But for most, how much damage have these translations really affected their faith? That is something that is an awful reality to ponder. Not just the changes in the Mass; that is one thing and maybe it will be eventually settled. But the translation from the Latin being not only watered down, but actually edited and changed?
You may be about ready to find out. I think that people are going to accept the new translations quite well. I also think that they’re unwittingly going to be changed by them and we’re going to see the magnitude of the power of the liturgy to change lives over the next dozen or so years, and that will be interesting.
I think it’s important to also realize that just as the last translation wasn’t the ultimate translation, this isn’t either. The Holy Spirit will guide the Church where she is to go, and this is a step towards that end.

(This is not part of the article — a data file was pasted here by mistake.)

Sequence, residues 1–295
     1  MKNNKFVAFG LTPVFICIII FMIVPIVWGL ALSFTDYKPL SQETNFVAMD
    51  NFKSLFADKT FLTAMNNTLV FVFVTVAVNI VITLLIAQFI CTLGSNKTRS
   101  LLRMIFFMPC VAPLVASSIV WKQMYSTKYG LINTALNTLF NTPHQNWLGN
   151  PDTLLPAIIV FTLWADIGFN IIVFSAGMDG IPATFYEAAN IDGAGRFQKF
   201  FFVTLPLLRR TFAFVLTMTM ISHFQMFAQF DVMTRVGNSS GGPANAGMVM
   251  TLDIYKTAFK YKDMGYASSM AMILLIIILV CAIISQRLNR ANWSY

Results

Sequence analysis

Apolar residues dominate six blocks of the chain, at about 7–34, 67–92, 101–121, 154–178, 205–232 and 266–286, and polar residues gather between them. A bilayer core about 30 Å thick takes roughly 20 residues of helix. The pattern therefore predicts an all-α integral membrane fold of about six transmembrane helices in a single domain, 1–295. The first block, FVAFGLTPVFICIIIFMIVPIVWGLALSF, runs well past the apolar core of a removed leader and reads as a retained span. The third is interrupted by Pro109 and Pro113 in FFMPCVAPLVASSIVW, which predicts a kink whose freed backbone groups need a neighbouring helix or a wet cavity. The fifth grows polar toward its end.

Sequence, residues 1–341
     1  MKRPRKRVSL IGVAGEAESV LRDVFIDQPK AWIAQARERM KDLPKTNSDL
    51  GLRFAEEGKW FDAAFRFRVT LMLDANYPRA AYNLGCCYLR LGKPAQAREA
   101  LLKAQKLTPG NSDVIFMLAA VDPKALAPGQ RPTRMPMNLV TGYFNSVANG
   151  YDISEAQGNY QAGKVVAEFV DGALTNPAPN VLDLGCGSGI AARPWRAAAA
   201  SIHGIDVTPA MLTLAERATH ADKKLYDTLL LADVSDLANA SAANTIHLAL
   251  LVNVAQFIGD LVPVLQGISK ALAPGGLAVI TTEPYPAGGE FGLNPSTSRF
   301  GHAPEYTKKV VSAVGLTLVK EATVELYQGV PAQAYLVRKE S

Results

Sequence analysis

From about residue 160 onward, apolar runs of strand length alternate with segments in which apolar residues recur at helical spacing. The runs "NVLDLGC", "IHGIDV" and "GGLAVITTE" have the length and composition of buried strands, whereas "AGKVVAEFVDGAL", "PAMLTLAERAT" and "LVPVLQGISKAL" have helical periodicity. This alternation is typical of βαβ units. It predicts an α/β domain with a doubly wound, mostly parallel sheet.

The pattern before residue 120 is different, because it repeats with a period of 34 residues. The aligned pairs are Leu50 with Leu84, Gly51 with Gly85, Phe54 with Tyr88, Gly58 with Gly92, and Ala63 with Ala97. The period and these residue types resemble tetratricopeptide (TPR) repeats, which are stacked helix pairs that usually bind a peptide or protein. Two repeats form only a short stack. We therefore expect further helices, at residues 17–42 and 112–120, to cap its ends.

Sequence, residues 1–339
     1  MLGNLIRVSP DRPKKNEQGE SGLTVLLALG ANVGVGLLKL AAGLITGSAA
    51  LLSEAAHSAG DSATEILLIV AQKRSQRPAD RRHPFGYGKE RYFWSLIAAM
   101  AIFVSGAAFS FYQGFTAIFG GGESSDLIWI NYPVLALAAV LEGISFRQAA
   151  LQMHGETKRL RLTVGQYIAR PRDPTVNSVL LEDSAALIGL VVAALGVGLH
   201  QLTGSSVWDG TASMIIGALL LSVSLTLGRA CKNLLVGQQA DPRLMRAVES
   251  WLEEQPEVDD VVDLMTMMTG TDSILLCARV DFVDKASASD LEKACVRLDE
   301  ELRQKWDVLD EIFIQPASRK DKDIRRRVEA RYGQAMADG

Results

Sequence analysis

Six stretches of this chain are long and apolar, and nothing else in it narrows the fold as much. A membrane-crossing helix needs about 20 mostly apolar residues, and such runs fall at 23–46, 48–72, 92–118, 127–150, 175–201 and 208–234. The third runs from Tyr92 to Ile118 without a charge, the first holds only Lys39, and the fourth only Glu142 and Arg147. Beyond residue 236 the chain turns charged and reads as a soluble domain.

Agnes, this new translation is going to make it much easier for laypeople to tell “who is who.” Just look for the parishes that say the correct words without obvious guile, and avoid the ones with improvisations and anger.
I think you are wise and very correct on this.
I pray that the more correct and faithful translation of Holy Mass in English will bring a great spiritual renewal. I pray.
We have so much to regain from the “desert” of these past 50 years; I will be celebrating 50 years of life this month(thank God I was not aware of what was going on all these years…naive is okay sometimes!) and according to the reading I have been doing on the liturgical reform/destruction of these past 50 years, thanks to the renowned Arch. Bugnini, may he rest in peace, we have a lot of work cut out for us. Mary, help us!
I wish it were happening tomorrow. I fear the implementation in the diocese of Fresno, Ca.. This could end up like many other things, disobedience to Rome and doing our own thing on the local level. Pray.